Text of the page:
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Grand juries may resume Monday, evictions on June 1, as R.I. courts start to reopen

Licht Judicial Complex, the state courthouse in Providence.
Licht Judicial Complex, the state courthouse in Providence.Edward Fitzpatrick

PROVIDENCE -- Grand jury proceedings may begin as early as Monday, eviction proceedings can be heard by June 1, and trials may commence by August, under a new executive order issued Friday by R.I. Supreme Court Chief Justice Paul A. Suttell.

The order marks the first step toward reopening Rhode Island’s court system, since Suttell’s first emergency order on March 17 suspended the court calendars and closed the courthouses to all but emergency matters.

Since then, there have been no jury trials, no grand juries, no process for evictions, and nearly all of the courthouses were completely closed.

Although the order extends some emergency measures to June 1, this is the judiciary’s first “toe in the water,” as Rhode Island reopens.

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Starting Monday, members of a statewide grand jury that had been meeting before the pandemic will resume their work, said judiciary spokesman Craig Berke.

“They’ve been contacted, and enough of them are willing to come back,” Berke said.

Time is essential -- under Rhode Island law, the state has six months to bring an indictment in certain felony cases, or the charges can be dismissed. Attorney General Peter Neronha has been anxious for the grand jury to resume.

The grand jury will be meeting in a larger conference room at the Noel Judicial Complex, in Warwick, that has enough room for physical distancing, he said.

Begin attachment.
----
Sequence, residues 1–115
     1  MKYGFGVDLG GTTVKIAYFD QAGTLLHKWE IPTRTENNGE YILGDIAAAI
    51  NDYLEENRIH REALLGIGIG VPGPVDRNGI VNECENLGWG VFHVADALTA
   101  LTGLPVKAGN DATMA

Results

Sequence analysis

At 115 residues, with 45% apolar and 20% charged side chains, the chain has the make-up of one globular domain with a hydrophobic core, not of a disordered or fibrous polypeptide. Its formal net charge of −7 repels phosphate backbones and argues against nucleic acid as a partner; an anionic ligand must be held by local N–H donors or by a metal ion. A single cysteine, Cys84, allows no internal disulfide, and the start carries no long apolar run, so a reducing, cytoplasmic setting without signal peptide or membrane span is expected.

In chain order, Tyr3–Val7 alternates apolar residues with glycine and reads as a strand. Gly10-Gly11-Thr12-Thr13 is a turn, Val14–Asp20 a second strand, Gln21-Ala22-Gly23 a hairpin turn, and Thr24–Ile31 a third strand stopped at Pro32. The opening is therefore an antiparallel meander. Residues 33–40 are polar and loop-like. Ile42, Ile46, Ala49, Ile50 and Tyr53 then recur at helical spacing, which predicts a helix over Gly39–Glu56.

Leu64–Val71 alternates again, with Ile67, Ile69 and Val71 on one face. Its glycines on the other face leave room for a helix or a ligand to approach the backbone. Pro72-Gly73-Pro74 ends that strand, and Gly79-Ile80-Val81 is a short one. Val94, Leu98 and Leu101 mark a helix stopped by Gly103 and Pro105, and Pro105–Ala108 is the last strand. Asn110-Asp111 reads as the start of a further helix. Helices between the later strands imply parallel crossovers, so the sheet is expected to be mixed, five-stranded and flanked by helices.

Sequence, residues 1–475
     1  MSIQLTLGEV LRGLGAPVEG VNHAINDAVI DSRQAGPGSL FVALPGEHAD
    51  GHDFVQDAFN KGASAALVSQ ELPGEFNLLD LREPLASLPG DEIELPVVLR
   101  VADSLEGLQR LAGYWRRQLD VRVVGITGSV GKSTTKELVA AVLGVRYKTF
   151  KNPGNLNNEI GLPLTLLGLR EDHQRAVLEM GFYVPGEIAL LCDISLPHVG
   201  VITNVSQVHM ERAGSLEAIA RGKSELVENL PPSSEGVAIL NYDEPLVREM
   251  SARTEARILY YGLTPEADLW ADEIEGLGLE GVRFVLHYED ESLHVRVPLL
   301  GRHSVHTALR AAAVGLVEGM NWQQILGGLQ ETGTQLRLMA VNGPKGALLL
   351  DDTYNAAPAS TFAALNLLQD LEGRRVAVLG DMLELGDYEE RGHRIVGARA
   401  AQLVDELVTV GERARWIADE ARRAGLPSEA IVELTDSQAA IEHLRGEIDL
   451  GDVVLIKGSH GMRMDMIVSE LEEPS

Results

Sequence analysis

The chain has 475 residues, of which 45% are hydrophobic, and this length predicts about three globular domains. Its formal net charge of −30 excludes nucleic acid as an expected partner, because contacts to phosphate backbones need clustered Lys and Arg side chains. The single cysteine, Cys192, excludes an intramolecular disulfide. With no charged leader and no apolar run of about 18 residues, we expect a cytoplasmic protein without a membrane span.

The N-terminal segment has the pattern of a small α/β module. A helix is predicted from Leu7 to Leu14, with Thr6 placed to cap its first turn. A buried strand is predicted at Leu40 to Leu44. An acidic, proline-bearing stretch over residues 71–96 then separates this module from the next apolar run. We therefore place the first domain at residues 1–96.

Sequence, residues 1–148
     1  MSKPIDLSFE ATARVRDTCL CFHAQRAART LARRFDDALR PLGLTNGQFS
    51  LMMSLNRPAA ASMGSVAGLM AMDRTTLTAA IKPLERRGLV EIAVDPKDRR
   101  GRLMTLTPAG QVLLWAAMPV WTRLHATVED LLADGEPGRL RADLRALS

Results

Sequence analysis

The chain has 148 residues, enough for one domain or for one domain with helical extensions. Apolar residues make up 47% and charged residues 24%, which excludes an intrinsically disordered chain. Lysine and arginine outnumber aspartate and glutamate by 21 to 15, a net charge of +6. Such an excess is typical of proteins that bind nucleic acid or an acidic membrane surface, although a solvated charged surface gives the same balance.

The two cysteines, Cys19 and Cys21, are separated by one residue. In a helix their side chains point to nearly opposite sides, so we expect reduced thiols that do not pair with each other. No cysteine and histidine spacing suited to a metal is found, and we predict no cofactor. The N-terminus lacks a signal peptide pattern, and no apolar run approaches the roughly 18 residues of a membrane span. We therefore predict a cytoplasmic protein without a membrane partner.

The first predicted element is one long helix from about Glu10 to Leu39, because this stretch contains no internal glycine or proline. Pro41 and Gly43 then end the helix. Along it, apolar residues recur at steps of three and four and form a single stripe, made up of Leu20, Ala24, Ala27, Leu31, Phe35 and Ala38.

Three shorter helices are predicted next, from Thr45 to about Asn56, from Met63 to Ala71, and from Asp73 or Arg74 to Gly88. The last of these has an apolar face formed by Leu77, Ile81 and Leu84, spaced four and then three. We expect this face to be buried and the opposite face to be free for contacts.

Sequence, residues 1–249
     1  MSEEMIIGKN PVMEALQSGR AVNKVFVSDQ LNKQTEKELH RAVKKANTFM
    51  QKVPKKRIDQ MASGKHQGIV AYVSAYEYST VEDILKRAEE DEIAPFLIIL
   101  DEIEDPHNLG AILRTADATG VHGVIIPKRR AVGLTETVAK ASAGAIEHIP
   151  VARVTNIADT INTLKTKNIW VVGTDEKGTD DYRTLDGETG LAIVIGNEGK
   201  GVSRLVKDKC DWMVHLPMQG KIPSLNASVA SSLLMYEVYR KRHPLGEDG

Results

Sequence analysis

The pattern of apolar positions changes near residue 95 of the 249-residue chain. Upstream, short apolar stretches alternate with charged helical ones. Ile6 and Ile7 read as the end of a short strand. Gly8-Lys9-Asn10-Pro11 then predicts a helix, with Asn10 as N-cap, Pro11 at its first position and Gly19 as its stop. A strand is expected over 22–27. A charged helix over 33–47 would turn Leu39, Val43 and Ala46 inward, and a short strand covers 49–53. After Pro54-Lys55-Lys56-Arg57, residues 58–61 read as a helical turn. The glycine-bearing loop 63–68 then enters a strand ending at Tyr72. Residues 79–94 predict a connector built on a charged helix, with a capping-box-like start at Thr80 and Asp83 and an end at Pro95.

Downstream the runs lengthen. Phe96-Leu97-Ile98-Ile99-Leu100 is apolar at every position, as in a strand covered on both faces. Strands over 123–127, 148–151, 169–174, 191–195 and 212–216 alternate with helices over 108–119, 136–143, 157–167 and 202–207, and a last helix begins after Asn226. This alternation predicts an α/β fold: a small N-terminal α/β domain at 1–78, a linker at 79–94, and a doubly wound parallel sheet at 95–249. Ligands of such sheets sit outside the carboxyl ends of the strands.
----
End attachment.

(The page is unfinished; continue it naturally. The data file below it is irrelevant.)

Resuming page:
However, the judiciary is not convening county grand juries.

Emergency and essential matters for Family Court and District Court are still heard in Providence, at the Garrahy Judicial Complex, and for Superior Court at the Licht Judicial Complex. The McGrath Judicial Complex in South Kingstown and the Murray Judicial Complex in Newport will remain closed until Sept. 8.

Under Suttell’s order, only capital cases, domestic violence, violent crimes, drunk driving, and fugitive from justice cases are considered emergencies, along with charges relating to violations of executive orders under the state of emergency, such as breaking quarantine.

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In-person bench trials may begin June 1, and criminal and civil jury trials may start by Aug. 1.

Evictions may be filed starting on June 1. Proceedings had been suspended during the emergency order. Berke said that District Court Chief Judge Jeanne E. LaFazia had convened a working group of various stakeholders to determine how they will proceed.

While the judiciary has been using technology for arraignments and hearings during the emergency, the courts will begin to increase in-person hearings at the courthouses, though using social-distancing standards in the hallways and in the courtrooms.


Amanda Milkovits can be reached at amanda.milkovits@globe.com